2020 has sent a lot of businesses in a new direction — but that’s not necessarily a bad thing.
Article by Serenity Gibbons
There’s a lot of tough or discouraging news during an economic downturn — not to mention during a pandemic and an all-around overwhelming year. Some businesses are scaling back their projections or shutting their doors altogether, not making it past this breaking point.
But there are still companies making quick decisions, and there are lessons to be learned. Sure, there’s been a big uptick in Roomba sales, but most success doesn’t happen by accident or in a vacuum.
Fill a Need Quickly
There’s enormous demand for real-time data, especially in supply chains, in order to maximize efficiency during a pandemic. MarketWatch talked about this with business intelligence analyst Galla Pupel; anyone in retail should take notice.
If you don’t work in data, however, there are faster ways to provide help to an underserved market. Simple apps can be really impactful. NOTIFY launched a straightforward big-button app for senior living facilities, a population adversely impacted by COVID-19 that needs immediate help.
The intent of the app is simple: If you make it easy for seniors to use video chat technology on a phone, you can increase virtual medical visits and limit exposure. There’s a also a mental health benefit to being able to stay in contact with family and friends from afar.
That’s not hard to create if you’re a developer, and that’s one example of how a simple solution could have an outsized impact on a population in need. Reverse engineer your thought process, and start with where the greatest needs lie right now. COVID-19 is unlikely to disappear anytime soon, meaning the need for quick and easy solutions will only increase.
Don’t Forget About Your Team
People staying home also led to less access to childcare, as well as other functions associated with a busy work lifestyle. Parents became full-time teachers and workers simultaneously.
Rover, a dog-walking app company based in Seattle, started working from home early because it could technologically manage and WFH policies were already part of its culture. With most people home, that created a temporary drop in demand for a service to walk workers’ dogs. The leaders of Rover knew that would happen. With employees working, parenting, and dealing with uncertainty, they quickly built mental health support into their workday.
These leaders communicate daily with employees to check in on how they’re doing, not just how the company is doing. They encourage walking during meetings to get fresh air, which is also on brand. They host monthly digital coffee meetings between their executives and every employee to ask questions, share advice, and connect. All of these structures were created on the fly because the company recognized its employees’ needs in a time of uncertainty.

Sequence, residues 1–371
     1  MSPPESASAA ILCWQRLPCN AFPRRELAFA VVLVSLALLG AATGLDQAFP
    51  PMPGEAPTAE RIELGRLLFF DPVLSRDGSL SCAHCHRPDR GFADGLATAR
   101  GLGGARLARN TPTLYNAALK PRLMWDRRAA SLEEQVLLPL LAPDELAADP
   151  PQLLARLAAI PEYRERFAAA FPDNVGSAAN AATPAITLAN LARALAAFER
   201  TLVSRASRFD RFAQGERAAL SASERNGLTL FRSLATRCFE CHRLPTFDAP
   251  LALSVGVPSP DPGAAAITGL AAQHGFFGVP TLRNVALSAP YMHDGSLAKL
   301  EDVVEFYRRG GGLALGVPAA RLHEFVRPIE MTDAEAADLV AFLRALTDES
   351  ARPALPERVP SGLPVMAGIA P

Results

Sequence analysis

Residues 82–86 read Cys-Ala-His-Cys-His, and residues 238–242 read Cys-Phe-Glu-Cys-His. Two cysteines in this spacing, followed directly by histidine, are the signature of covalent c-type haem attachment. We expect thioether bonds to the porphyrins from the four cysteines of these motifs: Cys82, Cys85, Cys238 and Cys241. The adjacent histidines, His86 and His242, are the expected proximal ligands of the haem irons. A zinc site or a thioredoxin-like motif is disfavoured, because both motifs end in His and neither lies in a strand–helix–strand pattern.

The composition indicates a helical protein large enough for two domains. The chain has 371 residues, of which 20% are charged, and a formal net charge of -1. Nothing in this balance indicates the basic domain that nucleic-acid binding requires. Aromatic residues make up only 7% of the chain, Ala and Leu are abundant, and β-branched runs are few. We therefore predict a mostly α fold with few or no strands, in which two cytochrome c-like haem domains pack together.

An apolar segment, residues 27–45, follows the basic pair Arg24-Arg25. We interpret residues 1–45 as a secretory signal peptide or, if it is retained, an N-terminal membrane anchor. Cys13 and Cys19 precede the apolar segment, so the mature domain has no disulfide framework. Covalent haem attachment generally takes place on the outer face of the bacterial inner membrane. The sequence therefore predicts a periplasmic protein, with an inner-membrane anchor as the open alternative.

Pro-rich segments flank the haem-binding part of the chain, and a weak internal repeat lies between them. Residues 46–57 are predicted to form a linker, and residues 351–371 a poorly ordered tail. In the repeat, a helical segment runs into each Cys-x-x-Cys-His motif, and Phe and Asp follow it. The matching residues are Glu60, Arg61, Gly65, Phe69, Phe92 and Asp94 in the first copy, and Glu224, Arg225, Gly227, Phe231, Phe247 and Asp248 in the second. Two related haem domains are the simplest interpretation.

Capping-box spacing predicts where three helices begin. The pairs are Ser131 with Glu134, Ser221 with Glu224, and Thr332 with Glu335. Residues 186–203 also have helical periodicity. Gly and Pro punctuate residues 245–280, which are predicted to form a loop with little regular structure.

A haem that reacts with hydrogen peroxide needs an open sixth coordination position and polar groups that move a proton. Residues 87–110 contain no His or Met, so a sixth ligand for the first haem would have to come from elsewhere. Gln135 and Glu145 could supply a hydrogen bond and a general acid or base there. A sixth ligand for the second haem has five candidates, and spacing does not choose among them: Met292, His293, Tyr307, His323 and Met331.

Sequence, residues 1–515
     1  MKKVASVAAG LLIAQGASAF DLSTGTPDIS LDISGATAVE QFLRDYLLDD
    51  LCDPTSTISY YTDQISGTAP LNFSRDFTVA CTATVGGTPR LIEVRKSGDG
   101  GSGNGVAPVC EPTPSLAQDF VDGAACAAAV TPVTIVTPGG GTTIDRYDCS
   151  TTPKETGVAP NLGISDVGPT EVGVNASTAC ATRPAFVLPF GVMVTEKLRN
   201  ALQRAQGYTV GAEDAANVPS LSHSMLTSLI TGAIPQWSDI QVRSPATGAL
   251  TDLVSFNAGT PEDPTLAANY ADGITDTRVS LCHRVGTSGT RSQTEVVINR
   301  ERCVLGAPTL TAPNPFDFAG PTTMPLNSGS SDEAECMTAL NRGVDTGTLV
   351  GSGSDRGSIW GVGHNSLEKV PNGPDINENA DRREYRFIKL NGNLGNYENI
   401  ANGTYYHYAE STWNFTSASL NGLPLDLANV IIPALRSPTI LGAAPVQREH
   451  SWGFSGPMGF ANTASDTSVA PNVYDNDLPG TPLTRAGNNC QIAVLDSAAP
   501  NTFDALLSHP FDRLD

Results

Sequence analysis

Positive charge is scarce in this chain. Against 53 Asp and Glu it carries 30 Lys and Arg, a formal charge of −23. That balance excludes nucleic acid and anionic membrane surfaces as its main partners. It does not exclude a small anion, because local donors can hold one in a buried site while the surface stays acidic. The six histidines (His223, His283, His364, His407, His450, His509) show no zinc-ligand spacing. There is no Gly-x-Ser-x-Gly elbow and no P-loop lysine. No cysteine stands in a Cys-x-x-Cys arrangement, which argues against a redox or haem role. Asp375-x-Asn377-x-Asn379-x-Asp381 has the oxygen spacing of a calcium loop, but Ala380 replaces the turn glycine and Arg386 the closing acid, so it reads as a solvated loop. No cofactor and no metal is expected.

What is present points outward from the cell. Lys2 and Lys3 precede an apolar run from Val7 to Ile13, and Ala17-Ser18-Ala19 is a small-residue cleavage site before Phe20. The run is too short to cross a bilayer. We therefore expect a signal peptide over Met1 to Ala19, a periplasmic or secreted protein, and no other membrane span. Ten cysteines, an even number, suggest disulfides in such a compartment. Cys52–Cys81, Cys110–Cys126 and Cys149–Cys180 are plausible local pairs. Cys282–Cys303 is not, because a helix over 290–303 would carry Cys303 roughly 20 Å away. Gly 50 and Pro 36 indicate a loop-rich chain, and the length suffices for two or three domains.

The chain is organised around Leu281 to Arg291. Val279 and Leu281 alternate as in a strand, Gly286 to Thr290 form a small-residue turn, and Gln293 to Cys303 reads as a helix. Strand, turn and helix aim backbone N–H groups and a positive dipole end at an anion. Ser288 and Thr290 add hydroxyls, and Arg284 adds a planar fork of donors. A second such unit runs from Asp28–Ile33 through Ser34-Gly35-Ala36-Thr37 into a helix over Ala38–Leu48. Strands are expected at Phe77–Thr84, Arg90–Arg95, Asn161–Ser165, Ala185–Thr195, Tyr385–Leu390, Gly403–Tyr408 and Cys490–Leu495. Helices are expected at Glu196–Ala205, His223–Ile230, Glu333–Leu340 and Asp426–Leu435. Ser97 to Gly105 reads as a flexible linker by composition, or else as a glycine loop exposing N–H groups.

If your employees know your company is committed to their mental health, they’re more likely to stay committed to your company. Whether it’s consumers or employees, people want to know that, as a company, you’re committed to more than the bottom line.
Build for Speed
Healthcare workers have been impacted by this pandemic more than most. While some have been overworked, others have lost their jobs and are quickly retraining to work in fields that are still up and running. To speed things up and meet demand, healthcare education provider Carrus launched shorter courses to help people find immediate work in healthcare.
Contact tracer, home health aide, caregiver, and telehealth positions are in-demand jobs at the moment that aren’t tied to national certifications. These courses enable learners to get in, get out, and get working at an even faster pace to join the war on COVID-19.
Shorter courses, faster entry, and career paths are elements that a lot of education providers will pivot to incorporate this year. This shorter time commitment may also attract job seekers or people shifting careers who have never worked in healthcare before.
The key here, as in any industry, is to recognize what will be most valuable in the short term and find a way to provide it. Educational institutions and healthcare aren’t historically known for quick change — if they can pivot, you can pivot.
Lend Your Platform to Important Voices
Even if you’re not building something new or creating a product, an impact can still be made. COVID-19 isn’t the only important thing happening right now. The push for racial equality is real and can’t be ignored. Pinterest recently launched Stories in beta. In collaboration with culture consultancy Warm Robots, the brand tapped nine leaders to tell brave stories.
Pinterest could have launched that in a variety of ways, focused on cool ways to hack an IKEA bookshelf. But choosing to be intentional and work with a place focused on diversity of thought and talent sent a message.
These examples of success in the midst of chaos might inspire you to go out and make changes during a tough year. More problems, after all, just signal a greater need for solutions — and smart entrepreneurs willing to create them.